Iran coach wants politics off the football field
As long as the players steer clear of politics, a combination of
Persian pride and American spirit is the recipe for success for
Iran’s national football team, according to coach Afshin
Iran has been in political turmoil since the crackdown on
opponents of the disputed re-election of President Mahmoud
Ahmadinejad in June 2009. That year, Ghotbi, an Iran-born American
who helped rejuvenate football in the country by taking leading
club Persepolis to the Pro League title in 2008, took over the
The 46-year-old coach, who was born in Tehran but grew up in
Glendale, California, has faced adversity during his tenure with
the national team. As an Iranian who lived abroad most of his life
and barely spoke Farsi when he returned in 2007 after 30 years
away, many were suspicious of his motivations and coaching
Even the country’s political opposition had its doubts.
Why would Ghotbi, the former Los Angeles Galaxy assistant coach
and an assistant to Guus Hiddink when South Korea reached the 2002
World Cup semifinals, take up the daunting task of coaching a
national team that has been short of success in international
football since the declaration of the Islamic Republic 1979? And
why stay after the ruling regime had crushed a popular
Because it was a tough job and one based in his homeland, was
”I took the most difficult path,” said Ghotbi, who will end
his stint with the national team after the Asian Cup and move to
Japan as Shimzu S-Pulse coach. ”I felt working for my country will
give me an opportunity to influence people and give them hope in
the darkest moments, heal the pain and make people proud of their
Sports has the power to do that, he said, and there’s no better
sport to do it than football – as long as the players know the
national team represents all Iranians all over he world regardless
of their political views.
”Who am I to decide what the country should be doing
politically?” Ghotbi said. ”That’s why I went into sports. It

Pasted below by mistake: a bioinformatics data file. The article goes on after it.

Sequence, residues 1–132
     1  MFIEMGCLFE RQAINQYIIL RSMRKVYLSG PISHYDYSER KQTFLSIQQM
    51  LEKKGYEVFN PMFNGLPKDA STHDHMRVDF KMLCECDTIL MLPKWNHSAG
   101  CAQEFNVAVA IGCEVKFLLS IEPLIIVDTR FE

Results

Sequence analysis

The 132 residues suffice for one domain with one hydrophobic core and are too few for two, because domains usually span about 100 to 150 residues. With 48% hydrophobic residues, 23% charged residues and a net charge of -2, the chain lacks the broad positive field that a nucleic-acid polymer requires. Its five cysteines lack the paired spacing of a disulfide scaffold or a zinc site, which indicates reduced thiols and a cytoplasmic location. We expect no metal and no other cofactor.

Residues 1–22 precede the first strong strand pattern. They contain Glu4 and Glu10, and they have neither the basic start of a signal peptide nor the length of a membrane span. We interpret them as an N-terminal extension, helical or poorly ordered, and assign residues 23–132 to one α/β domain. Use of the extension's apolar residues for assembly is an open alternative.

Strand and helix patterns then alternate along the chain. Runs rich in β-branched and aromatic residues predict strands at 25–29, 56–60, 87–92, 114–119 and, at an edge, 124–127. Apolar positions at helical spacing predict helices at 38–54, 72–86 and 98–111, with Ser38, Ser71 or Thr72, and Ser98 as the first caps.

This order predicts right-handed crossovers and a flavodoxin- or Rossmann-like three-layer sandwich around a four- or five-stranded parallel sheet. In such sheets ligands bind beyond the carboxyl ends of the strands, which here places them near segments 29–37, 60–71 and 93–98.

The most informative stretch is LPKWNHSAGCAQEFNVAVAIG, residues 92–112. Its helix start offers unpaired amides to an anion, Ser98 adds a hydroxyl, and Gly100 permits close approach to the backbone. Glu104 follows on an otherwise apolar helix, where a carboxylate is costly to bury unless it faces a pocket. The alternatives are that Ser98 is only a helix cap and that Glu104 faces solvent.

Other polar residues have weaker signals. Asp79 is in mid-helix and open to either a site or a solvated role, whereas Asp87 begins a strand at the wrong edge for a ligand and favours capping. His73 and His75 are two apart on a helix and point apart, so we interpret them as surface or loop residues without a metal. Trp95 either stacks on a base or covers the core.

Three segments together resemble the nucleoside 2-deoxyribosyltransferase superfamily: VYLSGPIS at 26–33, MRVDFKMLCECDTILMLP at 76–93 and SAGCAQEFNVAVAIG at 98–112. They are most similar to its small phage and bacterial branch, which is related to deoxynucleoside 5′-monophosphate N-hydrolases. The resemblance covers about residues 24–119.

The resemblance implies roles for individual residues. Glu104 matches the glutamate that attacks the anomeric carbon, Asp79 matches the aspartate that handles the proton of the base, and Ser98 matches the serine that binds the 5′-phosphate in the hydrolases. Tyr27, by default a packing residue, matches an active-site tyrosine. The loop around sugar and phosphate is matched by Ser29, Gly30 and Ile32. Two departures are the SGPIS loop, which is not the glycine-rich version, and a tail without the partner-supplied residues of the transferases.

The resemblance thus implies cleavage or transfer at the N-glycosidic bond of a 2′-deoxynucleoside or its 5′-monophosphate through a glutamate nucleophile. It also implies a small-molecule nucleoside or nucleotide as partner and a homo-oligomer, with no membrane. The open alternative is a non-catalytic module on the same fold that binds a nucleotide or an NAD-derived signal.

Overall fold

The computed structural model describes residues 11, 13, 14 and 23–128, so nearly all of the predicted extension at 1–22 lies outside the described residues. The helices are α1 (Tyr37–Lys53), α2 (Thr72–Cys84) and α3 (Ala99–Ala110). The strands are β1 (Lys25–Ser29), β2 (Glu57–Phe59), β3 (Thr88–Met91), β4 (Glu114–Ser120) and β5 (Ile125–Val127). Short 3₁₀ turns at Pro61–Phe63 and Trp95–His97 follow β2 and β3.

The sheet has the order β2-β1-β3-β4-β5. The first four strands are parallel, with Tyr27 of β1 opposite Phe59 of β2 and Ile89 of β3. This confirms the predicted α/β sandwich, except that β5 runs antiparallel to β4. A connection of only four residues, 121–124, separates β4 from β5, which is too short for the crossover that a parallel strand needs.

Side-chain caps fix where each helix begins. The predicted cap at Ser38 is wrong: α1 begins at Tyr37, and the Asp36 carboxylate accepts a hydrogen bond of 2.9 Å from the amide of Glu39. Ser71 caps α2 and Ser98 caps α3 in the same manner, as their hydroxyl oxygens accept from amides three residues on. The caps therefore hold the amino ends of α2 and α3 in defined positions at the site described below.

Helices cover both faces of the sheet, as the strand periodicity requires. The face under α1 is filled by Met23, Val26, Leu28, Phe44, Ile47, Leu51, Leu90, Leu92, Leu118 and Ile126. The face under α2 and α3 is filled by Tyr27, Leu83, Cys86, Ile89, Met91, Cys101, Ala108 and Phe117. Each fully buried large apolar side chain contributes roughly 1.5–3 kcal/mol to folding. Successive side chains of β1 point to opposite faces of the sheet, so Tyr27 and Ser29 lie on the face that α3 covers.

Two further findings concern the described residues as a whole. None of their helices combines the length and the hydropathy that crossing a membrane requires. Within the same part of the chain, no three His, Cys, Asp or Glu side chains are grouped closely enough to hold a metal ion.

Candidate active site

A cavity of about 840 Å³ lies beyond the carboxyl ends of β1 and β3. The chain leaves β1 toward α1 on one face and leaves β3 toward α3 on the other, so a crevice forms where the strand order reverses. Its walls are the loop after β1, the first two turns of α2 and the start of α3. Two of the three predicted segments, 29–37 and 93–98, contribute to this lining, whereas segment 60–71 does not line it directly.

made life simple. It was just a ball, two goals and 22
However, it can get complicated, particularly when some of the
players on the national team bring their political convictions into
That’s what happened during Iran’s last World Cup qualifier
against South Korea. Just days after massive protests erupted in
Tehran following Ahmadinejad’s disputed re-election, most of the
players took to the field with green wristbands in support of
opposition candidate Mir Hossain Mousavi.
While Iran fans at the match in Seoul cheered the national team
with protest chants of ”Death to the Dictator,” the symbolism did
not resonate well with the coach.
”It was a mistake and a very disappointing night for me,
because it took the concentration of our players away from doing
the job, which is to make people happy with performances and
victories,” Ghotbi said.
”Had the team won that game, Iran would have gone to the World
Cup,” Ghotbi added. ”That would have been the best thing for the
Iranian people no matter who they thought the president should have
Ghotbi restructured the team for the Asian Cup, bringing in
younger players to play the ”attacking and exciting football” he
developed during his coaching career.
”I have an Iranian heart, the spirit of an American and a
football brain of a Dutchman,” said Ghotbi, who is trying to help
Iran win a fourth continental championship.
Iran, which last claimed the Asian Cup in 1976, won Group C with
a perfect nine points after defeating defending champion Iraq,
North Korea and the United Arab Emirates in Qatar. The team plays
South Korea in the quarterfinals on Saturday for the fifth straight
time in the continental tournament.
Ghotbi said this time there will be no politics.
”We are athletes and we should concentrate on our job of making
people happy with our performances and victories,” Ghotbi said.
”The national team belongs to the people and from the head coach
and all the way to the ball boy, nobody should use it as a vehicle
to express their political views.”